Home Safety Tips for the Holiday Season


Cooking, candles, decorations, and travel – the parts that make the holiday season memorable are also the parts that require extra attention for safety. Each   year, nearly 156,000 fires in the United States occur during the winter holiday season, and about 5,800 individuals are treated in hospital emergency rooms for injuries sustained from falls involving holiday decorations. To increase the odds that your celebrations or time away from your home doesn’t lead to any unplanned problems, consider these holiday safety tips.


  • Never leave cooking food unattended. The most common cause of cooking fires is leaving the stove (or fryer) unattended.
  • Fry with care. Deep-fried turkeys have grown in popularity in recent years, but frying is much riskier than roasting (52 percent of home cooking fires are ignited by fat, grease, or oil). If you go the deep-fry route, read up on ways to avoid turkey fryer fires.
  • Read food labels. Warning your guests (and avoiding known allergens) can prevent dangerous allergic reactions, so read ingredient lists for common allergens when you’re using new ingredients or cooking for a large group.
  • Invest in a meat thermometer. Under-cooked meat can cause food poisoning. If you’re cooking meat this holiday season – especially if it’s a large animal like a turkey – use a meat thermometer to ensure that it’s thoroughly cooked and safe to eat.


  • Use sturdy holders for lit candles, and place them on sturdy surfaces. Holders that are too light or improperly weighted increase the chances of a lit candle toppling and igniting fuel nearby.
  • Leave a clear 12 inches on every side of the flame. With plenty of clearance, it’s less likely that flammable material will blow into the flame or that the flame will catch something nearby on fire.
  • Don’t leave candles alone. As with cooking, don’t leave a burning candle unattended. Never leave kids in a room alone with a burning candle.
  • Consider fake candles. Flameless candle technology has come a long way in recent years. Many fake candles offer the same cozy, flickering light as the real thing – with none of the risk.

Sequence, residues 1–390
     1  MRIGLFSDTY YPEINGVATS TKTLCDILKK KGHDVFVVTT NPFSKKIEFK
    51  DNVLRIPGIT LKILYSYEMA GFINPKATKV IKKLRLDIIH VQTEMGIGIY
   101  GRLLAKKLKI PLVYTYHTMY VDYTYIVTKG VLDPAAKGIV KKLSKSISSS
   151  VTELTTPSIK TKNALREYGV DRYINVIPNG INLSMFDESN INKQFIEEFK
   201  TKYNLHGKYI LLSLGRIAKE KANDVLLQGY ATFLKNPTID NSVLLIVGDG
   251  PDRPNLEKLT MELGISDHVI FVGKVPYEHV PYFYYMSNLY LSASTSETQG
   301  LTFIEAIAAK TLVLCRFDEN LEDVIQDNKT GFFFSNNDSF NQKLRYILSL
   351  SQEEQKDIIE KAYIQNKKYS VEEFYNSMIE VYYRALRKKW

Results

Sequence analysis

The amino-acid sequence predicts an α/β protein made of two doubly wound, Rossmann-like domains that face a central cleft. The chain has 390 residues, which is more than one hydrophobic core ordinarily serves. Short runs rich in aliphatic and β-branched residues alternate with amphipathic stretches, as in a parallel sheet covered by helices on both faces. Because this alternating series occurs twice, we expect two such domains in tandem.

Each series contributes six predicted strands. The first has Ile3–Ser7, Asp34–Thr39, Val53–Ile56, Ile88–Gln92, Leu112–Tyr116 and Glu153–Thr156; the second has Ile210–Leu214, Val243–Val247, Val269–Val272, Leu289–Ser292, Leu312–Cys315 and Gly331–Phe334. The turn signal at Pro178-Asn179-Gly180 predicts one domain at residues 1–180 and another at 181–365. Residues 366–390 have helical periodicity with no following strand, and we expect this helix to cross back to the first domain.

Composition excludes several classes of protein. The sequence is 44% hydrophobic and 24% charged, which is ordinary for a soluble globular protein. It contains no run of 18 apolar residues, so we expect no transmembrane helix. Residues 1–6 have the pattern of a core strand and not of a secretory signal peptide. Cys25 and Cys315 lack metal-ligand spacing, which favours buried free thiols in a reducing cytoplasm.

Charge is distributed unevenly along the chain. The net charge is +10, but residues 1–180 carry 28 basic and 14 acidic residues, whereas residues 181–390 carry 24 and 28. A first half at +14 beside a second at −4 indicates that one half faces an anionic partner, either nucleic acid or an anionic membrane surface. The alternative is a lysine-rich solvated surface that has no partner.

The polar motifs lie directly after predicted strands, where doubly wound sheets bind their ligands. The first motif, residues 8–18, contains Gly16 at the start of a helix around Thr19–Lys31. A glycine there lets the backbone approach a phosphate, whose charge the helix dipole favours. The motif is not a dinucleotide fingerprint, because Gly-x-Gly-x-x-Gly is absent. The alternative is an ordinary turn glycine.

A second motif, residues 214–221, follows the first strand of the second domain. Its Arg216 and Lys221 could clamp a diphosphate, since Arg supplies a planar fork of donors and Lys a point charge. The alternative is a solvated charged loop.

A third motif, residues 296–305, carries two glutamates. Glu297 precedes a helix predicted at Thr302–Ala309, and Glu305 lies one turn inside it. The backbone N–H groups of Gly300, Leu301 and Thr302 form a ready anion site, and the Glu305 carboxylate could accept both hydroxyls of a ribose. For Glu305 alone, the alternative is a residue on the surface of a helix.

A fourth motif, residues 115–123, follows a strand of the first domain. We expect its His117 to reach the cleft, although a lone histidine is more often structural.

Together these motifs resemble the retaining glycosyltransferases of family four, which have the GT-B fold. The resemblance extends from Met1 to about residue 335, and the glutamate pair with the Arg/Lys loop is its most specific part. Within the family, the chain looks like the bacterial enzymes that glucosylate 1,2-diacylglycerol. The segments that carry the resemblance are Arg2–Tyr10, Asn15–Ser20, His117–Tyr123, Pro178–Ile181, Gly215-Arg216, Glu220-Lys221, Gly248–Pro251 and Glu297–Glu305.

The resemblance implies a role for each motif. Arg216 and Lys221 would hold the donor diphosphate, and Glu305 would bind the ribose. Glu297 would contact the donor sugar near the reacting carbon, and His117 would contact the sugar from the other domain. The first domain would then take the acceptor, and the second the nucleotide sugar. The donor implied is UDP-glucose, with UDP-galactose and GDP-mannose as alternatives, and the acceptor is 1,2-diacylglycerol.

• Install a security system. Nobody wants to come home to a burgled house. Installing a security system – especially a smart system that sends you real-time updates or alerts a central monitor – can help deter would-be thieves and ensure that any attempted burglary is addressed as soon as possible.
  • Hire a shoveling service, if necessary. If you live in an area where it snows a lot, consider hiring a shoveling service while you’re away. This ensures that you’ll be able to park when you get home and that you’re not signaling your awayness loud and clear to potential burglars.
  • Install smart sensors on your water pipes. These smart-home systems can prevent water damage by sensing unusual water activity (such as what would occur if a pipe froze and burst) and automatically shutting off your water when it happens. When you’re not around to turn off the water manually, a smart sensor can offer major benefits.


  • Pay attention to your wires. Forty percent of Christmas tree fires happen because of problems with electrical distribution or lighting equipment. If you’re not sure what counts as “too much,” read and follow the instructions on your lighting equipment.
  • Keep trees away from heat sources. About a quarter of tree fires happen because the tree is too close to a heat source (fireplace, space heater, radiator, etc.). When you choose the perfect place for your tree, make sure it’s clear of things that get hot.
  • Consider going fake. Fires aren’t the only risk Christmas trees present: they also cause allergic reactions in many people. As with candles, artificial trees can reduce your fire risk and save the sinuses of some of your loved ones.


  • Check your smoke detectors. Replace dead batteries and hook up disconnected batteries.
  • Pick safe holiday decor. Choose flame-resistant or flame-retardant decorations. Some lights are meant only for indoor use, some only for outdoor. Follow
    directions on the box.
  • Use clips, not nails, to secure lights. This prevents damage to the cords, which can spark fires.
  • Use fireworks with care.

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